Which is why we’re looking into storage subnets or possibly relying on external cold storage, such as Arweave or IPFS for the kinds of data that don’t require this level of availability, throughput, latency and mutability.

The reason why Ethereum cannot store large files is that Ethereum stores everything (smart contracts, user requests, data) in its blockchain, forever. And that blockchain is replicated across many of the thousands of Ethereum nodes (some of them only retain parts of the blockchain, but IIUC you need access to the full blockchain for everything to work).

The IC OTOH only stores user and canister messages in its blockchain (including e.g. ingress messages that upload large pieces of data in chunks). But apart from the NNS said blockchains are not persisted beyond the last few hundred blocks (and seconds). (And the NNS blockchain usually consists of NNS proposals, votes and ledger transactions, so it’s quite limited in size.)

The full state of a subnet is maintained by the replicas making up the subnet and, as said, can go up to 450 GB per subnet (and soon more). But this data is not permanent. Canisters have to pay for storage and when a canister is either deleted or fully runs out of cycles, its state is lost. There’s an obvious trade-off there, which is reflected in the cost.


Thank you for your answer! It is very informative.
I understood that Ethereum stores smartcontracts and states while IC does not store smartcontracts and states. And I understood that only the last few hundred blocks are stored. But I can’t fully understand. Stable variables in Motoko don’t lose state when the canister is upgraded, but it is not saved? Does it work even if the canister is not saved because it is saved as WASM?

There seems to be a misconception. The IC does not keep all the blocks of its subnet blockchains forever, but it does store the currently deployed canister smart contracts and their state, together with the current subnet states, see IC state manager - Internet Computer Wiki for more details.


I.e. the whole idea of a blockchain as a ledger is that if you follow the full blockchain and replay every block, you will arrive at the current state of the network. And that is what defines the state of the network. E.g. if all copies of a handful of Bitcoin blocks would disappear overnight, the whole state of Bitcoin would be lost forever (imagine trying to figure out the balance of an account from a paper ledger that has had a few pages torn out).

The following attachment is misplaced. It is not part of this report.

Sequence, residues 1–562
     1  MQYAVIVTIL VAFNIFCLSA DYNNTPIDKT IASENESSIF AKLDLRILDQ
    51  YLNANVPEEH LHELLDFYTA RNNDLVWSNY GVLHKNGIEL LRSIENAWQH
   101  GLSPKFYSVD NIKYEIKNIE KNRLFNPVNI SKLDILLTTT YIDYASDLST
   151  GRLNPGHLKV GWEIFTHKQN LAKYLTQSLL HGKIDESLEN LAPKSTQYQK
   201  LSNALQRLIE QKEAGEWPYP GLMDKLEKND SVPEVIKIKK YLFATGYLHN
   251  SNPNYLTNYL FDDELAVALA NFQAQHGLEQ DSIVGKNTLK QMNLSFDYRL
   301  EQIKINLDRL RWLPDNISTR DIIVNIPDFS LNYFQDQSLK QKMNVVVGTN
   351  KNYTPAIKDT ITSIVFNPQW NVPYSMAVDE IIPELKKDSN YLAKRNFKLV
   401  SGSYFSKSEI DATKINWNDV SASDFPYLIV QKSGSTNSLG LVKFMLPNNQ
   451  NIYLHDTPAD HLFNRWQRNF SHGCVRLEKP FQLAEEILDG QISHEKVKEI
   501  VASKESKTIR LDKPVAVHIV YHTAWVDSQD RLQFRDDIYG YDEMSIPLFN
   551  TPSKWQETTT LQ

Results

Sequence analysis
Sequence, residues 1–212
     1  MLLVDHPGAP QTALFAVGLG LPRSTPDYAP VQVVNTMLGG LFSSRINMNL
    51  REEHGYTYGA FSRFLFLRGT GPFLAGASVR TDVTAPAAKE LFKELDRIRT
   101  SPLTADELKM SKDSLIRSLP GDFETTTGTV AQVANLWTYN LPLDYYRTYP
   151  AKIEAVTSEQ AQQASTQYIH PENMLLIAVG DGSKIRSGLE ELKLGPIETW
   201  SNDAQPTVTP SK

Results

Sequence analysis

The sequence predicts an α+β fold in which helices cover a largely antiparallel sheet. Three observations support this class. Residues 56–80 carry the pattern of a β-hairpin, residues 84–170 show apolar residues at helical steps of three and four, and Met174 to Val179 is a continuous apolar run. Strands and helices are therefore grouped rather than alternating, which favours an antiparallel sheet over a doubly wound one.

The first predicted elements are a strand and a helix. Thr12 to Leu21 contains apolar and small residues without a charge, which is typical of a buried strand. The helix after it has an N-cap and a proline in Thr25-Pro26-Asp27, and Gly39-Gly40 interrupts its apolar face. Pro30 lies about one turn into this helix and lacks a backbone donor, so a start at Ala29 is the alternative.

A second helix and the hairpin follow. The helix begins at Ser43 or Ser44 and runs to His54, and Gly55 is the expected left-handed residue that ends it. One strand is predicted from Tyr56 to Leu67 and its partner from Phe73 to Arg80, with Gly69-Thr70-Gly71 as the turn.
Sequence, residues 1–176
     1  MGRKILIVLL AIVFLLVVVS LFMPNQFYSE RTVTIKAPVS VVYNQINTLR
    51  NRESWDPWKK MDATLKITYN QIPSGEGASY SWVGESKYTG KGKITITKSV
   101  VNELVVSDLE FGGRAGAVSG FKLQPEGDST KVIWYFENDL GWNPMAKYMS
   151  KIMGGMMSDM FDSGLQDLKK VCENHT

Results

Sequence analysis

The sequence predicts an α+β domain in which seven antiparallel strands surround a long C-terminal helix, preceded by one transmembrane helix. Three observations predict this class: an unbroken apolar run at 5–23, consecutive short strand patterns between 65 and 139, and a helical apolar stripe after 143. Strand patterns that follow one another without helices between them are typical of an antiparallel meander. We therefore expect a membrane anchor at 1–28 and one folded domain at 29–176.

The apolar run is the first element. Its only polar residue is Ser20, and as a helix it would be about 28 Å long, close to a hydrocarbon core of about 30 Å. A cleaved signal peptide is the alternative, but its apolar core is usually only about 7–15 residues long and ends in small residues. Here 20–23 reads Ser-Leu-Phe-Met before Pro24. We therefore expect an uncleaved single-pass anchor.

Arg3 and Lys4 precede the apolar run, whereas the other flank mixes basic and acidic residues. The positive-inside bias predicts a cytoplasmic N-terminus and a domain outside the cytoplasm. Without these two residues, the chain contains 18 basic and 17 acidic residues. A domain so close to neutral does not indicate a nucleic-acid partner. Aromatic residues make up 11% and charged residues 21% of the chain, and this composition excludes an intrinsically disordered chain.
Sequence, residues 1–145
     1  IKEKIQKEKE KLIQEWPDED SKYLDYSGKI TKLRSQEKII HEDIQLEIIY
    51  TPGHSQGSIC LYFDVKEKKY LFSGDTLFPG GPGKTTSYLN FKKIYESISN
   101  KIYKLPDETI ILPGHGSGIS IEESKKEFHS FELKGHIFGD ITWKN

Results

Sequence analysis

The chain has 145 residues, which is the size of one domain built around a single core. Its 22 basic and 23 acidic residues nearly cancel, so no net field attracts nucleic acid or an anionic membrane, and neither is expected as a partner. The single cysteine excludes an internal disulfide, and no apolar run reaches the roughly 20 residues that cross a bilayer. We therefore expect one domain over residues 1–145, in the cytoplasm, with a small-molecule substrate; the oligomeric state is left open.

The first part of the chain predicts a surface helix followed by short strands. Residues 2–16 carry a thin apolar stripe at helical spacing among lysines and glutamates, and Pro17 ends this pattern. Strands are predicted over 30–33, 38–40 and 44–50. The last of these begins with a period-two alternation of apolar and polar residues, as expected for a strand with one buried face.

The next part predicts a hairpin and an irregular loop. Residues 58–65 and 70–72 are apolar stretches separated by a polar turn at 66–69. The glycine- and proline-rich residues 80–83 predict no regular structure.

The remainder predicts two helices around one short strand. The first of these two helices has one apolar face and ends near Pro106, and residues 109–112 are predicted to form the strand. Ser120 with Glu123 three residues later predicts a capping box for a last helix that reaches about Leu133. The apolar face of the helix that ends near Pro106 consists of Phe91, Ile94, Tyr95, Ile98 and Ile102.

The IC OTOH has made the conscious decision that it is only going to use a subnet’s blockchain as a way of ensuring consensus (i.e. everyone agrees that these are the transactions everyone should be executing), and discard the blocks after every replica has had a chance to process them. And instead it maintains the current state of the subnet (kind of like a computer maintains its current state in memory instead of keeping an ever growing list of key presses and incoming network packets).

From this point of view, the downside of the IC’s approach is that state is not persisted forever, as is the case with Bitcoin and Ethereum. And you cannot reconstruct the state of the subnet at an arbitrary point in the past. The upside is that state (including long since obsolete state) does not need to be persisted forever. So storage is cheaper.


I misunderstood. I did not know IC state manager. Thank you very much.

Thank you for your answer. My disparate knowledge is now connected. Very interesting.
IC stores only messages in blocks. Old blocks are discarded. It was my understanding that if the Cycle to maintain the canister runs out and the state is destroyed, the state is completely lost as there is no way to recover the state. I understood that the old blocks are destroyed, but since they are distributed across multiple nodes, if one node goes down, state is recovered by Resumption.
However, since the State Manager stores canisters and states, storing only messages in blocks may not be a reason why storage is low. If State Manager is not distributed, then it might be a reason why it is low. What do you think?

Thank you, super helpful. What’s the latest in Dfinity’s thinking on storage subnets vs. other blockchains vs. other storage solutions? Is this a major priority?

Not 100% clear on what you are saying, so for the sake of completeness I’m going to clarify (even though it may turn out this is exactly what you were saying in the first place). If a canister completely runs out of cycles, it is actively deleted by the subnet. You should think of a subnet (from this point of view) as a fully replicated virtual computer. Each of the replicas executes the same inputs and has the same state. The state of the subnet is defined by the state of this virtual machine, which is continuously persisted to disk. The state of the subnet could also be fully defined by the blockchain (as is the case with most blockchains), but apart from the NNS subnet, subnet blockchains are not persisted. So they are primarily used as a consensus mechanism.